If ever you were looking for stunning textiles made in the Central African community of Kongo-Bantû by master female Kuba weavers—now is your time. Kilubukila is a cultural project based in London and the Democratic Republic of the Congo (DRC) creating products with cultures and communities to build sustainable resilience within those cultures and the female artisans of the DRC. Sponsored by the British Craft Council, Kilubukila is currently piloting a collaborative atelier between female artisan weavers and linguists to apply Mandombe, a pan-African langage as a pattern in order to modernize the Kuba textile. The project aims to bridge the gap between craftsmanship and design, between regional and international markets.
Where are you based?
We are in Kinshasa in the Democratic Republic of Congo, located in Central Africa. Just below the equator, the sun is really nice after living 8 years in London.
Please tell me about your Kilubukila and how it got started.
We are a cultural brand that started out by identifying the gap for modern African design and interiors. The idea was to question what it is to have a modern African interior outside of the colonial style. We have now grown and shifted into trying to change the Congolese narrative while supporting local artistry, techniques, and economically supporting our local partners in the DRC.
Kilubukila is a cultural project which aims at sharing positive images from the DRC by building a creative network of local artisans, designers, creatives, entrepreneurs, and various stakeholders with a positive impact.
Who designs and makes the textiles?
Our designs are an interpretation of an African script called the Mandombe, thus our designs are linguistics stylized by us. The textiles are then made by our female Kuba weavers—masters in the art of Kuba textile.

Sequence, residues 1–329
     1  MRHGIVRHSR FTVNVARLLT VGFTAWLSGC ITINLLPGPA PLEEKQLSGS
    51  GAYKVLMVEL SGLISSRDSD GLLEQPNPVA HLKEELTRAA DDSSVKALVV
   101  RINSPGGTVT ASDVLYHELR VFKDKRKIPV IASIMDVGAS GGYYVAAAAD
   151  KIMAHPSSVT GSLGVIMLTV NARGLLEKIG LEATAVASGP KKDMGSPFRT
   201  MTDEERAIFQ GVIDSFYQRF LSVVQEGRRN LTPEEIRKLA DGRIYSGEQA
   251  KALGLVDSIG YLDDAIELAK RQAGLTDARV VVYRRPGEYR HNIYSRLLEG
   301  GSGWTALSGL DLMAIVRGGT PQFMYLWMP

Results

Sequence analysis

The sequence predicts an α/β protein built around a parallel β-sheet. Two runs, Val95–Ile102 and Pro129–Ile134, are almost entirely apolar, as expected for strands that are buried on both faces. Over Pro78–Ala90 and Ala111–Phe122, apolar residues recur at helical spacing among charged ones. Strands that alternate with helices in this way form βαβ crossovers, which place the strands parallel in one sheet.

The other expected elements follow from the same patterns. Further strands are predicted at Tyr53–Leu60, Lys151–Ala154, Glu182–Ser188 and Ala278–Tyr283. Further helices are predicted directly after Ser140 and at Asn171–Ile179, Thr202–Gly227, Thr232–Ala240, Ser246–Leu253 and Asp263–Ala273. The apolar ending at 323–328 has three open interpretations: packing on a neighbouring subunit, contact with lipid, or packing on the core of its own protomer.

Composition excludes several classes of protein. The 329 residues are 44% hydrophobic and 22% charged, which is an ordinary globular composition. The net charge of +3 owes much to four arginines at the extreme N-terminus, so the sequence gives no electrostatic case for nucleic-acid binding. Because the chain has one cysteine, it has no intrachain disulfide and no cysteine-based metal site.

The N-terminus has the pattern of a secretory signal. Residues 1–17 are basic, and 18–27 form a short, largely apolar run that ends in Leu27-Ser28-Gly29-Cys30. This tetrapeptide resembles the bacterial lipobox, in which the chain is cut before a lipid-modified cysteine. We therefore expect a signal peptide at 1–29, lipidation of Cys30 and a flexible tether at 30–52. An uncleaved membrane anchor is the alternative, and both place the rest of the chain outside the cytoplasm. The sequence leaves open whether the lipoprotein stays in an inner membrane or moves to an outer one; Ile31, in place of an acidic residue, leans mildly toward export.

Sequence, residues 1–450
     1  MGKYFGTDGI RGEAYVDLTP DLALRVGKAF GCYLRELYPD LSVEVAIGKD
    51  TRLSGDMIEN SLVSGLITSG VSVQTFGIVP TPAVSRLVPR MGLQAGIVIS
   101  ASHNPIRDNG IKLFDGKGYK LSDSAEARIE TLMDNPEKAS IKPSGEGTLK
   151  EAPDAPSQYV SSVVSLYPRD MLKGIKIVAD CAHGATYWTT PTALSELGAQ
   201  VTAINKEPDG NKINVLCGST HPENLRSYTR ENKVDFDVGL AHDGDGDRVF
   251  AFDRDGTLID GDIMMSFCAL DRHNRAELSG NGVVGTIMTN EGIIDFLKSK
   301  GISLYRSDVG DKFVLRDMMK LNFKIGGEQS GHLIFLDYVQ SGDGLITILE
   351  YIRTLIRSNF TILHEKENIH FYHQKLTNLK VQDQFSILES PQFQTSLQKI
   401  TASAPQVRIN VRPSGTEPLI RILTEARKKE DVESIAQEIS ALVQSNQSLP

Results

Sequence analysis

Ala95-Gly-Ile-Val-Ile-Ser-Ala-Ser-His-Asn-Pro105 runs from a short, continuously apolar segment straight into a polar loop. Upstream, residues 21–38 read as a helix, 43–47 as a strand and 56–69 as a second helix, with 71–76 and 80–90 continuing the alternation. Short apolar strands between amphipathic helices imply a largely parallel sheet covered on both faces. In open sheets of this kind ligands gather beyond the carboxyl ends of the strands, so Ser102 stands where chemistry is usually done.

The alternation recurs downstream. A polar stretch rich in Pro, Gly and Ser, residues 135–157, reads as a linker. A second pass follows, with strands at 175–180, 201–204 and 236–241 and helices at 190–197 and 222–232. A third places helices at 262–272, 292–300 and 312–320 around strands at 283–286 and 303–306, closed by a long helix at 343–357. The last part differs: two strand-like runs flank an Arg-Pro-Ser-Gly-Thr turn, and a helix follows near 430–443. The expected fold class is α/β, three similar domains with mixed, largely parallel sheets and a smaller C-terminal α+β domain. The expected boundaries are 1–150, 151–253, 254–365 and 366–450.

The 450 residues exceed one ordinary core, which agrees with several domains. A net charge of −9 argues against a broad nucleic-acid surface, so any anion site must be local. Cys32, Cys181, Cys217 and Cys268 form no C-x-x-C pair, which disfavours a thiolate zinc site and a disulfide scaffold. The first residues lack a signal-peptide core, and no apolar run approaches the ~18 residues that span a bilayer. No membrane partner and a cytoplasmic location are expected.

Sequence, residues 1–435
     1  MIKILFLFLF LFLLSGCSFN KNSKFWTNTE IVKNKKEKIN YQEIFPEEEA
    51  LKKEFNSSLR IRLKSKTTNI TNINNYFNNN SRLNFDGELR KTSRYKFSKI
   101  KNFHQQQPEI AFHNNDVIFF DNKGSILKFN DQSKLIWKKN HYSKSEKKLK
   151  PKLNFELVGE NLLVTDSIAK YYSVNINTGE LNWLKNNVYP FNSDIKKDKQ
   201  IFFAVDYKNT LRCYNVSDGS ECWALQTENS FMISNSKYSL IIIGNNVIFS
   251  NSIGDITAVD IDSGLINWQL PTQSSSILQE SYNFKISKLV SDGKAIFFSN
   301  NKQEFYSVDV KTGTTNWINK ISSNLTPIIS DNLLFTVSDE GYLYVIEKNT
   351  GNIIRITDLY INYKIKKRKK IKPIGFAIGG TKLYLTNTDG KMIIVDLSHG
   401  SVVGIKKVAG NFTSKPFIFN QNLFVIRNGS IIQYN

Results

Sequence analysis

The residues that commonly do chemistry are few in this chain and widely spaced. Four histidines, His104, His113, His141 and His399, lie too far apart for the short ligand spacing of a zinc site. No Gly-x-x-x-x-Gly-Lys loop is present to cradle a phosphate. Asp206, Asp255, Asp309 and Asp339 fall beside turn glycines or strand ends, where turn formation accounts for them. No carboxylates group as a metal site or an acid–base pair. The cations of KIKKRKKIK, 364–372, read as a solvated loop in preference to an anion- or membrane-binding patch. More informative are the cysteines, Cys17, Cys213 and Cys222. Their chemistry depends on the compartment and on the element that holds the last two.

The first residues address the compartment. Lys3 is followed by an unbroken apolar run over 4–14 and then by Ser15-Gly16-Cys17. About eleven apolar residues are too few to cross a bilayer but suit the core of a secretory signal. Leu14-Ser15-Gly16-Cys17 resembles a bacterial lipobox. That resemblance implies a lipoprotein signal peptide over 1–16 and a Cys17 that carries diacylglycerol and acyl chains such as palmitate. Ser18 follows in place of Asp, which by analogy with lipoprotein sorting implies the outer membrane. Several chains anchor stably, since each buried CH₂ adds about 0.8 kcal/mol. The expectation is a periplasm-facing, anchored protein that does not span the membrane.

What is your company ethos?
“Kilubukila” is an injunction in Kikongo which means ‘be wise’. This invitation is the spirit of our project. In the Kongo-Bantû society the community self-determines the social, political, economic organization, and its leadership. Being wise invites individuals to be bold, to free their creativity, and produce within looser sets of rules, re-shaping and maintaining them at the same time.
How do you describe your textiles? What are they inspired by?
We produce modern versions of the famous Kuba textiles of the Congo. Our objective is to preserve this local tradition by modernizing it with respect to its culture and tradition. That is where the linguistic part is key. The fabric is made of raphia palm growing in the region and we use natural dyes.
Where do you source materials?
We source our material locally. The raphia is grown in the Kasaï region of the Congo and the dyes are sourced in Kinshasa.
Do you have a most popular textile?
Our Kuba classics are definitely the most popular.
You value your community deeply. Can you talk a little about some of your community-focused efforts?
Community is at the heart of what we do as cultured based design from the Congo. We have indeed signed a partnership with the “UN Business Call to Action” as an innovative business trying to achieve the Sustainable Development Goals (SDGs) specifically around poverty reduction, gender equality, quality education, decent work, and economic growth. We’re very excited about this.
The specific initiatives are around the Mandombe textiles and honey production to preserve the equatorial forest in the Congo basin.
What are you working on now?
We are working on a very exciting cushion collaboration between an urban Parisien brand and a major French retailer. Stay tuned for Spring 2021.
How has the pandemic affected your business as well as your goals as a design company?
The sales have definitely decreased but we are now back in full mode. I think for us the lockdown was the opportunity to slow down a little bit as we were growing too fast. We’ve taken the opportunity to regroup and redefine our goals and how to achieve them.
On another note it has pushed us for more digital content production.
What did you plan to debut at ICFF 2020?
A textile collection specifically designed for the outdoors.
What are you looking forward to at ICFF 2021?
It will be our US debut so I’m very excited for this. We’re looking forward to restarting the physical events and connecting with creatives, businesses and hopefully signing contracts.